Colonial Geographies of International Law
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- Module code
- FHEQ Level
- School of Law
This groundbreaking module explores the relationship between international law and materiality, specifically in the context of the geography and history of the city of London in which SOAS is based.
The module begins in the classroom, with an introduction to the cutting-edge, burgeoning literature on the material representation of international law. After developing students' theoretical understanding, the class moves to a series of weekly walking tours at different locations in London. Whilst the locations will vary from year to year, likely sites include memorials, archives, museums, docklands and embassies.
These tours will provide students with the opportunity to experience first-hand the manner in which international law is embedded in the geography and history of London and to explore for themselves how international law exists in the everyday places of the city. Drawing on SOAS scholars' rich research in history, geography, gender studies, and post-colonial theory, the module will deploy an innovative method of teaching that breaks with the lecture hall and, like modern day international legal situationists, encourages students to shape their own learning by mapping how international law is made material in the city of London.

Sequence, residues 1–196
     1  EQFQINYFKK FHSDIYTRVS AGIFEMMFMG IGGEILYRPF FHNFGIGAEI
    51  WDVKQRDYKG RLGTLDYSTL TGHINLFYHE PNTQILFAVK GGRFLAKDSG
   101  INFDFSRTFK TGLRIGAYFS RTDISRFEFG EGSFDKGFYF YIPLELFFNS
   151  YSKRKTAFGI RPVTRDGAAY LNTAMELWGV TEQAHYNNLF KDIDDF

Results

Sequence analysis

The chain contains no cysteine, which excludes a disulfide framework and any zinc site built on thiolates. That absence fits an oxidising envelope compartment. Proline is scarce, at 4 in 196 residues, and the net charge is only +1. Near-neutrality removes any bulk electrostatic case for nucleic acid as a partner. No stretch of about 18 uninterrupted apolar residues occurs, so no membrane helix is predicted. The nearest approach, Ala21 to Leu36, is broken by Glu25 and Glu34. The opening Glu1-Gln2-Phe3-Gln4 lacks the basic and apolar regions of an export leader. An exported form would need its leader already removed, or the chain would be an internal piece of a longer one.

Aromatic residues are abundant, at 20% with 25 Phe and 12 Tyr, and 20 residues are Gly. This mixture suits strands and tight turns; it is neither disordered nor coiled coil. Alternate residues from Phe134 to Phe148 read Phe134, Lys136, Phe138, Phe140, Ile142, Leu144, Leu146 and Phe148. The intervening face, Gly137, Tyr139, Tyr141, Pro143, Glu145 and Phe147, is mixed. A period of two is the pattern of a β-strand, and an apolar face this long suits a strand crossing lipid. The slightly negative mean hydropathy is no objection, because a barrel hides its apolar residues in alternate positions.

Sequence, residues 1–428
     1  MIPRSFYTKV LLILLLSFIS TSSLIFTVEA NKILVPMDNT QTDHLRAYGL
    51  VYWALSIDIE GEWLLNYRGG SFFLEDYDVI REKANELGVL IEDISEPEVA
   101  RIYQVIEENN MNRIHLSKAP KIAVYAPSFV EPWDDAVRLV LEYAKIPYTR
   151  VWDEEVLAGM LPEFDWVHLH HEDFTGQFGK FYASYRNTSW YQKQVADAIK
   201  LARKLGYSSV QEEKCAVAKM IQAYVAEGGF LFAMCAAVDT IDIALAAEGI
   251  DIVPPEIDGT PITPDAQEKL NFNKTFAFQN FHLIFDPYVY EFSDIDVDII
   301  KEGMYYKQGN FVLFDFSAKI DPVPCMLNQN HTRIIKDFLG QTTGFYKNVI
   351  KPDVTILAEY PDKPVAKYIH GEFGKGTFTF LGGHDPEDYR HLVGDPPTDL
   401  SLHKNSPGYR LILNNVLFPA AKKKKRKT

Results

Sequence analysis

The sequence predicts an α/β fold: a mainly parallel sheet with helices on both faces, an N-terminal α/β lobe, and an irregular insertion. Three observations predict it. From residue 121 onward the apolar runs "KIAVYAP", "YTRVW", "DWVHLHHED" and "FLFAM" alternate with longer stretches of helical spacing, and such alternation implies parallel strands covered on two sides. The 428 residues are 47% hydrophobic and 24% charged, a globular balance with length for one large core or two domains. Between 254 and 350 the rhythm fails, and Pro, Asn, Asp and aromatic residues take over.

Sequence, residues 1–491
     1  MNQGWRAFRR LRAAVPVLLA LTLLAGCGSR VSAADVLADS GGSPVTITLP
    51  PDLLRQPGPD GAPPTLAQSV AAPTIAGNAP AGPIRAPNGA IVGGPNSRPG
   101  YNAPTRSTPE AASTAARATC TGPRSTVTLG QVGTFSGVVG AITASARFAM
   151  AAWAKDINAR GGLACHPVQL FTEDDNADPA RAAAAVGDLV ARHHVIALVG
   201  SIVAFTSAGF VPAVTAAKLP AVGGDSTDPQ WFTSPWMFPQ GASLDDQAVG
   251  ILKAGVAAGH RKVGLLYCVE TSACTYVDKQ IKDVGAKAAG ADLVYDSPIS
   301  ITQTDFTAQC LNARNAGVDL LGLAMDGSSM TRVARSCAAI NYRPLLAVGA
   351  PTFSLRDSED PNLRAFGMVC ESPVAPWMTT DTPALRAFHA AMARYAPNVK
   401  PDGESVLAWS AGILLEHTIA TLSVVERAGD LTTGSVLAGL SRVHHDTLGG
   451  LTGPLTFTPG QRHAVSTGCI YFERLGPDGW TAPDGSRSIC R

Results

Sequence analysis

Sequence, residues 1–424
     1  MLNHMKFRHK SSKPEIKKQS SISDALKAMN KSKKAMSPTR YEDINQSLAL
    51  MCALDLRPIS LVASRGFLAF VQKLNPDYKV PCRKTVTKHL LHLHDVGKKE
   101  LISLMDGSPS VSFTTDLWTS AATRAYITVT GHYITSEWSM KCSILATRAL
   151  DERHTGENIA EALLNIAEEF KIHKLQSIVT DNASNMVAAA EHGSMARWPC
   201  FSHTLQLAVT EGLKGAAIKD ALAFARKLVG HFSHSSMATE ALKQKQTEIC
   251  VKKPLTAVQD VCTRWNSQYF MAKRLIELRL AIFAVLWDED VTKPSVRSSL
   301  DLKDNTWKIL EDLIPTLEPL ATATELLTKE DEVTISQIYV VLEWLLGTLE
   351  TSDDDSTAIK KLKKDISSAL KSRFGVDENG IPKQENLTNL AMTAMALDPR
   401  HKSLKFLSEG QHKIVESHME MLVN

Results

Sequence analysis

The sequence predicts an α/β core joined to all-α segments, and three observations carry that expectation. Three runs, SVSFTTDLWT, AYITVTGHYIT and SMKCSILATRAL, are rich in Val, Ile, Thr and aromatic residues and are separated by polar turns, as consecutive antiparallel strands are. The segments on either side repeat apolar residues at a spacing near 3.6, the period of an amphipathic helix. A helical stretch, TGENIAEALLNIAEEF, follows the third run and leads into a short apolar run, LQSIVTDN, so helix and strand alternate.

Objectives and learning outcomes
On successful completion of this module a student will be able to:
- understand, engage with, and critically analyse the relationship between international law and materiality
- demonstrate knowledge of the materiality of international law in London in particular
- understand and reflect upon London's geography and history as a capital of both nation and empire
- reflect critically on the role played by international law in the development of London's geography and history
- carry out independent research into international law and its materiality in London, using library-based and electronic resources
Weekly 2-hour seminar/legal walking tours
Scope and syllabus
Whilst the exact structure and content of the course will vary from year to year, an indicative course syllabus for each week could include:
- Introduction to the module (in classroom)
- Theorising geography, materiality and international law (in classroom)
- Memorials (site visit)
- Archives (site visit)
- Museums (site visit)
- Consolidating knowledge and AS1 preparation exercise
- Maritime Greenwich (site visit)
- Docklands (site visit)
- Embassies (site visit)
- AS2 preparation exercise (in classroom)
Method of assessment
- 100% assessed by 3500-5000 word coursework
- Luis Eslava, ‘Istanbul vignettes: observing the everyday operation of international law’ (2014) 2(1) London Review of International Law 3–47
- Charlotte Peevers, ‘A deathless story: the ANZAC Memorial, memory and international law,(2017) 5(1) London Review of International Law 153
Important notice regarding changes to programmes and modules.